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--***** *#*#*# | LADIES' GOSSIP.…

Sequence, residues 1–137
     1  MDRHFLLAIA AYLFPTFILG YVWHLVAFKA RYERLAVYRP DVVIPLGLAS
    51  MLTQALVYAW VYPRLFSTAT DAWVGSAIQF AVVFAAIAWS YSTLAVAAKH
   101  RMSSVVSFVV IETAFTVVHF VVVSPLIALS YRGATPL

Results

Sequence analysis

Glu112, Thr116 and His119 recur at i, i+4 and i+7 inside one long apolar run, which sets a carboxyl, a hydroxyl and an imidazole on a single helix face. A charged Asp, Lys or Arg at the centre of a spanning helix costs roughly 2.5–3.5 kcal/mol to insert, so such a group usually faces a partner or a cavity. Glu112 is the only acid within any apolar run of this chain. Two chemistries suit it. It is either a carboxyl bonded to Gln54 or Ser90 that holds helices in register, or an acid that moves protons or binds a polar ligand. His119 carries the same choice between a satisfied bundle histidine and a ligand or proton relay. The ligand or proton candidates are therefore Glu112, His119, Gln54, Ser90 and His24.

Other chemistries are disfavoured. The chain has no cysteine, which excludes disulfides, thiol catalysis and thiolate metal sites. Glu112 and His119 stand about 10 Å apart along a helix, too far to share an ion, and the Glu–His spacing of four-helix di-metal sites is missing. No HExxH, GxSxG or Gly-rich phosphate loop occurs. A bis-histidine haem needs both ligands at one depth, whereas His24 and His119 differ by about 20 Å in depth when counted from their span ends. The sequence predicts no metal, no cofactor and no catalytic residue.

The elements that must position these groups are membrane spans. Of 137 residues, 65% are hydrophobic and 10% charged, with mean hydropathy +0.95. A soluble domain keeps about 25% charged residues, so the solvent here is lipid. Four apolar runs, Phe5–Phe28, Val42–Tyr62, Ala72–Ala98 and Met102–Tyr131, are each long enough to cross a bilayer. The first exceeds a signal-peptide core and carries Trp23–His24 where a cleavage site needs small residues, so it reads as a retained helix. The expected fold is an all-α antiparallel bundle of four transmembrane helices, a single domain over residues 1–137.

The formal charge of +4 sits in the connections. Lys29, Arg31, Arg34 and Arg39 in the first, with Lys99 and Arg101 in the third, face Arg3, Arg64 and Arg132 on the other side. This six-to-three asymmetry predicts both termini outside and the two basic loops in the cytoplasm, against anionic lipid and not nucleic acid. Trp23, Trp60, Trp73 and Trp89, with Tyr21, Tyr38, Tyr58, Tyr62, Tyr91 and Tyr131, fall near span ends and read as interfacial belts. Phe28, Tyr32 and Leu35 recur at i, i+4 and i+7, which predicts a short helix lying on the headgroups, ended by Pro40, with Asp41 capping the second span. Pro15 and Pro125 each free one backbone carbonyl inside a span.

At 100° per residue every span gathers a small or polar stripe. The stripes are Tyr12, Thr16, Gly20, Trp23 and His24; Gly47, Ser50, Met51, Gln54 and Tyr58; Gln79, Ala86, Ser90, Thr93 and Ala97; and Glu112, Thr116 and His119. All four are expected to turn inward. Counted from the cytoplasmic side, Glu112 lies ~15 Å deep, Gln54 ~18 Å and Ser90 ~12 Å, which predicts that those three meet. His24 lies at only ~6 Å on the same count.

PENLLERGAER MEMORAL WINDOW. To the Memory of Lady Llewelyn's i Children. j Unveiling Ceremony New Org-an J Opened. On Sunday morning a very beautiful and costly past window to St. David's Church, Penllergaer, that Sir John and Lady Llew elyn have had erected in memory of their children, William, John Michael, and Mary I Caroline, wais unveiled in the presence of a congregation that filled the sacred edifice. In the afternoon a vory fine two-manual p:pe organ was formally opened by means of an organ recital. The baronet -if Penliergaer, v ho read the lessens during the morning, and Lady Llewelyn, Mr. and Mrs. Charles Vtnablcis Llewelyn ;u.u children, and Miss l illwyn, were preceve at the unveiling cere- mony, which took place immediately after the Litany had been said. Rev. Montag ie I Earle Welbv, M.A., unveiled the window (erected by Powell, of London). In the most expuisite colouring, the three figures depict- ed are Christ as the King of Glory, St Jolui, II symbolical of inspiration, and fcst. David, the patron saint of Wales. The window bears the following inscription: "T > the glory of God and the loving memory of William, born 186H, died 1593; John Michael, bom 1856, died 1878; Mary Caroline, born 1864, died 1873, dear children of John Talbot and Caro- line Julh Dillwyn Llewolyn." The coat of arms of the Llewelyn family is also upon the window. Rev. H. Morgan, B.A., curate- in charge, dedicated the window, and the choir and congregation folia;ved with Car dinal Newman's immortal hymn, "Le:id, Kindly Light," Mr. T. D. Jones (Morris:on) presiding at the new orgtn. Rev. Mr. Welby, who is an 1 nele of Sir John, preached from the passages: "So this is our God" and "In vhat day shall the song be sung in the land" (Isaiah xxv. Lnd XXVI.). Isaiah as the statesman and the pro- phet the preacher first, of all dwelt upon, say- ing, in the words of one of our prt seat-day statesmen, "Nothing more degrades, and noitiing is more dishonourable, nothing more deteriorates a. man tpf. Ii. p Jiiios wit'iout God." The threo mighty achievements on which Isaiah the prophet fhced his eye were that Christ woall show them God, that He would uplift man to His own mighty des- tiny, and that He would dest:oy death, These three great -edemptive acts were each dwelt upon, and the preacher differed from the view of our modern thinkers who caid that repentance and conversion were pictur- esque ide.i6. while he gave it as his opinion that there was no Church in Christvriloni with such a splendid worship as they Lad in the Common Prayer Book. The new organ that was to be opened that. day would, he hoped, beautify and exalt the ser/ice; c-nd, enlarging upon the third of the redemptive acts, the preicher urged that there were three way., of blessing the dead. One was lmving high thoughts of the dead, another taking the dea.d ir to our prayer, and the third memorialising. One sonnet in Tenny- son's beautiful "In Memoriam" betjan: — "How pure the life, how true the heart, Should that man be who fain would hold One hour's communion with the dead." Only the true and pure me a ought to have communion with the dead. There were yar- ious ways of memorialising the dead. The placing of flowers on the grave, though it showed a warm, tei.der feeling, had however nothing Christian alx ut it, for it was quite a Pagan custom In the morning the flowers wereobeautiful, but the next day tliey were aal sad-looking. Flowers, then, only touched the perishable and not the eternal side. Again the placing of tablets, though more enduring, only linked us to the past. The beautiful window that had been unveiled that morning Was, ho thought, the highest form of memorialising, for while it recalled the dear departed, it also linked us to the future life. The central figure was symboli- cal of eternal life. St John was the beloved Apostle; and of St. David, Giraldus told them that before that great Laint, whose life waiS marked by prayer and worship, surren- dered his last breath up to his Maker, he made use of the beautiful words, "Oh, Lord, lift me up unto Thyself." That beautiful mem- orial window rcse above the altar, and on thlt altar they went to the presence of the Resurrection. In conclusion, the rev. gentle- man quoted the lints so dear to 'he late Archbishop and Mrs. Tait: — "I have a son, a dear, true son, His age I oe.nrot tell, For they reckon not ly years and days Whsre lie has gone to dwell. 1 What thoughts ire his, what form he wears, Ara numbered with the things that God doth not declare But I know, for God has told me this, That His redeemed ones are there, Where the sting cf sin and the touch of death are gone for evermore." The choir and congregation sang "On the Resurrection Mcrning," end an impressive service closed with a fine organ rendering of Gounod's "Nazareth." Mr. D. T. Jones (or ganist and choir-master, St. David's, Mm- riston) gave the following excellent organ re cital in the afternoon:—"Barcarolle" (Le- mare) "Andante and Allegro" (Hayen), "Priei'e et Berceuse" (Guilmant), Variations on Missionary Hymn Tune (James), (a) "Aile- oretto (b) "The Answer" (Wolstenholme), Anthem "I was glad" (Llvey), "Scherzo" (Hovte)' "Toccata (D'Lvry), "Communion (Son). "March Trimnphale" (Wely). Mr. T, Mainwarins siang the solo parts in the an- them. The new orgm has been built by Mr. Peter Conacher, H u dd c r s fi el d. Tne ease is of pitchpine, decorated with alunnnrn.i pipes, and there are four stops with a spare slide to great organ, six steps with a spare slide to the swell organ, three couf"ers, and four composition pedals. The action of the redal organ is tubular pneumatic, and the instrument is of particularly sweet tone. Rev. J. M. Griffiths vicar of LIansamter, preached in the evening.

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